Booting the System

So with a platformfs written to a flash drive, the new u-boot installed, and a serial console connected I was ready to boot. Except that no matter what I tried, it did not boot. This is where its important to know when you’re out of depth. My experience is in full blown x86 systems where I have lots of debugging tools available and I can introspect into the stack very early in the boot process. In Arm this is much much harder to do, when its possible at all. As a quick sanity check I attempted to boot Debian on the platform. Its well supported and it would give me a good point to clear out weirdness in the stack. When Debian failed to boot, I posted a thread on the doozan forums where it was pointed out to me very quickly that I’d updated the firmware but not written the new NVRAM state. You can think of the NVRAM as the “settings” similar to those in a BIOS based system. Since I had the old environment with the new u-boot, it was little wonder that things weren’t working. After correcting the NVRAM state Debian booted just fine.

With Debian booting I figured I was on the home stretch. After all, once any distro can be booted on a platform its generally just a matter of assembling the right user-space system around the known good kernel. Since I had no desire to package yet another kernel for Void I skipped this and decided to boot with the mainline kernels that are regularly tracked and updated. This also meant I could boot with zImage support since I had an updated u-boot. I wrote my system to another disk and plugged it it and u-boot promptly stopped booting. It turns out that the environment variables from the doozan forums are fiendishly clever and try to auto-detect the disk that contains the boot files. Since I was using a zImage instead of a uImage this check didn’t work.

With more help from [bodhi] who is a truly incredible developer of Arm based systems the variables were patched to look for a zImage instead of a uImage. The system now loaded the zImage, the uInitrd and the DTB into memory. With baited breath I hastily typed out boot at the prompt and watched as the system promptly crashed. Okay, so what gives? It loaded everything, it was the right arch and Debian had already booted, so what could be wrong? Once again [bodhi] came to the rescue to spot that I had a 42M uInitrd. This is insanely large, you can fit an entire system in 42M and this was just the initrd. You see, if you build a Void kernel without a config file it will default to building all possible extensions as modules. Then if you build the initrd with dracut and have the -N flag set you will wind up with all of these modules in the initrd. Many of these modules make no sense on SBCs much less traditional x86 systems. Configuring a kernel build is time consuming and very dull work. Fortunately this work was already done, I was able to just use the kernel config file from the Debian build to drive the Void build. This resulted in a smaller kernel and a smaller initrd. But why did this fail in the first place? Unlike BIOS systems which will load the kernel and initrd into memory at locations it chooses, u-boot requires you to set an absolute memory address to load the resources to. The address set for the DTB was inside the range occupied by the initrd and so it corrupted it on each boot. The smaller initrd and moving the DTB solved this issue.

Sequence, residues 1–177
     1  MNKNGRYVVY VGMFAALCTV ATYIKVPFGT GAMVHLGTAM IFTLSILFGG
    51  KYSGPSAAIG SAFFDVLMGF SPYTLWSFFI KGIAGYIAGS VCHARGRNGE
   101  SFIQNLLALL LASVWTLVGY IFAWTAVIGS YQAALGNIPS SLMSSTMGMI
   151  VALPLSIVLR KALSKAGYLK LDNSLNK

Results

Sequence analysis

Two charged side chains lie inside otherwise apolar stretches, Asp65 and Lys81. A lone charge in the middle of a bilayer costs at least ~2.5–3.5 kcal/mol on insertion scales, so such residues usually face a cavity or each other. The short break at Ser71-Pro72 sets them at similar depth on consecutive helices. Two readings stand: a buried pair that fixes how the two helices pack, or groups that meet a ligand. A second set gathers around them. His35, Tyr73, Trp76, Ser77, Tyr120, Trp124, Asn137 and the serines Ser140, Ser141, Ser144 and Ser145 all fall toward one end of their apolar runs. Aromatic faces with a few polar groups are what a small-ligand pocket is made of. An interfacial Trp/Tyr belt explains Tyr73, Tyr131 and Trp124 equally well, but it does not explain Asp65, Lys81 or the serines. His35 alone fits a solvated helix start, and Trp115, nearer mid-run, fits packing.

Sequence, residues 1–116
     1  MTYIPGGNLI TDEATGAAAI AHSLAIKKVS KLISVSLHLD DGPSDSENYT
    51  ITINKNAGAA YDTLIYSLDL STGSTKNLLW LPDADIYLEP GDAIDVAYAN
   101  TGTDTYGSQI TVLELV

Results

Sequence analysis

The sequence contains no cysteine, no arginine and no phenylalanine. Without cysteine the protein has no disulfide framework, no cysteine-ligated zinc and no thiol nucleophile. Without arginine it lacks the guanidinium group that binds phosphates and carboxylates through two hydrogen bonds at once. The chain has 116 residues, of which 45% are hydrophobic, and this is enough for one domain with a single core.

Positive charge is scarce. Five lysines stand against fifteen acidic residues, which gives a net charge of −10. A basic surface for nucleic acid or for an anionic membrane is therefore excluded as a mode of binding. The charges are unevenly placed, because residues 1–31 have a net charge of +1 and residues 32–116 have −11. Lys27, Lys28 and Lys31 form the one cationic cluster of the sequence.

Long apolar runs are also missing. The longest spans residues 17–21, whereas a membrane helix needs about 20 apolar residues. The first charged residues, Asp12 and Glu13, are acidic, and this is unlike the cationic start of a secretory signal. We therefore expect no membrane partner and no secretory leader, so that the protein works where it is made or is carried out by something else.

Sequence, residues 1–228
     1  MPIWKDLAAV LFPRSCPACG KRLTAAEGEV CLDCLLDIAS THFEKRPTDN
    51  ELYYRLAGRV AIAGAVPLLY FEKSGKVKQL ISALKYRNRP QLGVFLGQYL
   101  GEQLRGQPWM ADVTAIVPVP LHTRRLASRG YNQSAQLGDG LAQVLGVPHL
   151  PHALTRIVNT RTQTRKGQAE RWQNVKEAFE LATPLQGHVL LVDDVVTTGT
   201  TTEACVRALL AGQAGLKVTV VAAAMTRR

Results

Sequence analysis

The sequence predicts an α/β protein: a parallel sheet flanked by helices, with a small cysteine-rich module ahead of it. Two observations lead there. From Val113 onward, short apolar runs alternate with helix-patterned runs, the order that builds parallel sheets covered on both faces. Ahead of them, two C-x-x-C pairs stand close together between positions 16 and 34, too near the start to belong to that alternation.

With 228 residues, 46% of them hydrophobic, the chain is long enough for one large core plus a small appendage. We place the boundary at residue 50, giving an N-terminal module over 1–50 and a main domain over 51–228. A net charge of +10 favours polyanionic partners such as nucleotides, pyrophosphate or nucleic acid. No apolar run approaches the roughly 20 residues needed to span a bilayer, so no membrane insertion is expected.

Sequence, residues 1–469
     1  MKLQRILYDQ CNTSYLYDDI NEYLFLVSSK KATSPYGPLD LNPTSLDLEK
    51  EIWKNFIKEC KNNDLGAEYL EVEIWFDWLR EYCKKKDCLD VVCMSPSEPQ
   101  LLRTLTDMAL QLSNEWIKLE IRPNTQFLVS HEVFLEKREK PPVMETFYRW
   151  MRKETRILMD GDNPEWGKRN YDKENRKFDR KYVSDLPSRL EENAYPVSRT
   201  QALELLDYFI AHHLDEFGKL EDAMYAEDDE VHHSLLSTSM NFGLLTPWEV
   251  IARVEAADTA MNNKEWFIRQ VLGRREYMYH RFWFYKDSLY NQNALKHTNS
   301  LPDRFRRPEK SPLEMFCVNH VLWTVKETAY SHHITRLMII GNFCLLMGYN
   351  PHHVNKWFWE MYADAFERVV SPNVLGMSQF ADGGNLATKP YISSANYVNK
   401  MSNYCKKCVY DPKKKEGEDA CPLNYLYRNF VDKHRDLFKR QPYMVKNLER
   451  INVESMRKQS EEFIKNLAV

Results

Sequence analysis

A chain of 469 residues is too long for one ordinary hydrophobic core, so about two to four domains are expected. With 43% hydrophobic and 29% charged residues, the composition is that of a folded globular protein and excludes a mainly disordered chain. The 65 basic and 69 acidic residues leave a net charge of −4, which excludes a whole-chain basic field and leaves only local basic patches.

With the system now booting happily I pulled the drive out and made some changes with it mounted on my desktop, mostly setting up a serial console and making sure that sshd and dhcpcd were set to start on boot. After all this, I had a functional Void system that booted on the Pogoplug. Here’s a quick look at what the booted system looks like:

void-live login: root
Last login: Thu Jan  1 00:00:32 on console
# xbps-uhelper arch
# uname -a
Linux longshot-musl 4.13.3_1 #1 PREEMPT Tue Sep 26 06:20:29 UTC 2017 armv5tel GNU/Linux
# df -h
Filesystem      Size  Used Avail Use% Mounted on